Abstract

Close
With the techniques covered in this tutorial you will be able to produce two classic visual effects. First, I'll show you how to make animated titles by importing Photoshop files into Aftereffects. Next we'll add new scenic elements to some video footage, again using Photoshop. This technique will allow you to add or remove elements like tree or buildings from a shot. These techniques, especially the one we will use to alter the scene, are common to most visual effects. Watch the classic old 1933 version of King Kong. Willis O'Brien, the stop motion genius that animated Kong, pioneered the art of extending, or completely fabricating, scenery. Layering several elements painted on glass in front his puppets and rear projected footage allowed O'brien and RKO's visual effects artist Linwood Dunn to create King Kong's fantastic jungle scenes. It is said that these set-ups could be many feet deep.
2006
Publication Details
  • Henry Hexmoor, Marcin Paprzycki, Niranjan Suri (eds) Scalable Computing: Practice and Experience Volume 7, No. 4, December 2006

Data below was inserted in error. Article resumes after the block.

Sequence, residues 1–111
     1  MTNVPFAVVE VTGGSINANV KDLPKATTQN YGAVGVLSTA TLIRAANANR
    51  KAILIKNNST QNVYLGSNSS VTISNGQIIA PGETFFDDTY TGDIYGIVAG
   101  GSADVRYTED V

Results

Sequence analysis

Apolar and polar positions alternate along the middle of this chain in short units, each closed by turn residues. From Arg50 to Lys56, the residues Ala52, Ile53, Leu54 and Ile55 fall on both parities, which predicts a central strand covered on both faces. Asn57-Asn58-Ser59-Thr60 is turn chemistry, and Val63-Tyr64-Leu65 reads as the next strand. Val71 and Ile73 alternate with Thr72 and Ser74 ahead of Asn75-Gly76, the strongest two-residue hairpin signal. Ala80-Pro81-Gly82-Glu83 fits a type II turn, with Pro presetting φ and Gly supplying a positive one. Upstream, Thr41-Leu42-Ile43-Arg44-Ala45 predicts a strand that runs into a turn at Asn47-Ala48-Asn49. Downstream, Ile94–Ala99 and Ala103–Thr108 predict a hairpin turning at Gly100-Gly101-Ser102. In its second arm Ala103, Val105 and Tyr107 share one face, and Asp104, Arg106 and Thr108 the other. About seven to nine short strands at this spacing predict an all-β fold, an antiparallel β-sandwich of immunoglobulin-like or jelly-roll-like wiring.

• Dec 23, 2006

Abstract

Close
Current search engines crawl the Web, download content, and digest this content locally. For multimedia content, this involves considerable volumes of data. Furthermore, this process covers only publicly available content because content providers are concerned that they otherwise loose control over the distribution of their intellectual property. We present the prototype of our secure and distributed search engine, which dynamically pushes content based feature extraction to image providers. Thereby, the volume of data that is transported over the network is significantly reduced, and the concerns mentioned above are alleviated. The distribution of feature extraction and matching algorithms is done by mobile software agents. Subsequent search requests performed upon the resulting feature indices by means of remote feature comparison can either be realized through mobile software agents, or by the use of implicitly created Web services which wrap the remote comparison functionality, and thereby improve the interoperability of the search engine. We give a description of the search engine's architecture and implementation, depict our concepts to integrate agent and Web service technology, and present quantitative evaluation results. Furthermore, we discuss related security mechanisms for content protection and server security.

Security Risks in Java-based Mobile Code Systems

Publication Details
  • Henry Hexmoor, Marcin Paprzycki, Niranjan Suri (eds) Scalable Computing: Practice and Experience Volume 7, No. 4, December 2006
  • Dec 23, 2006

Abstract

Close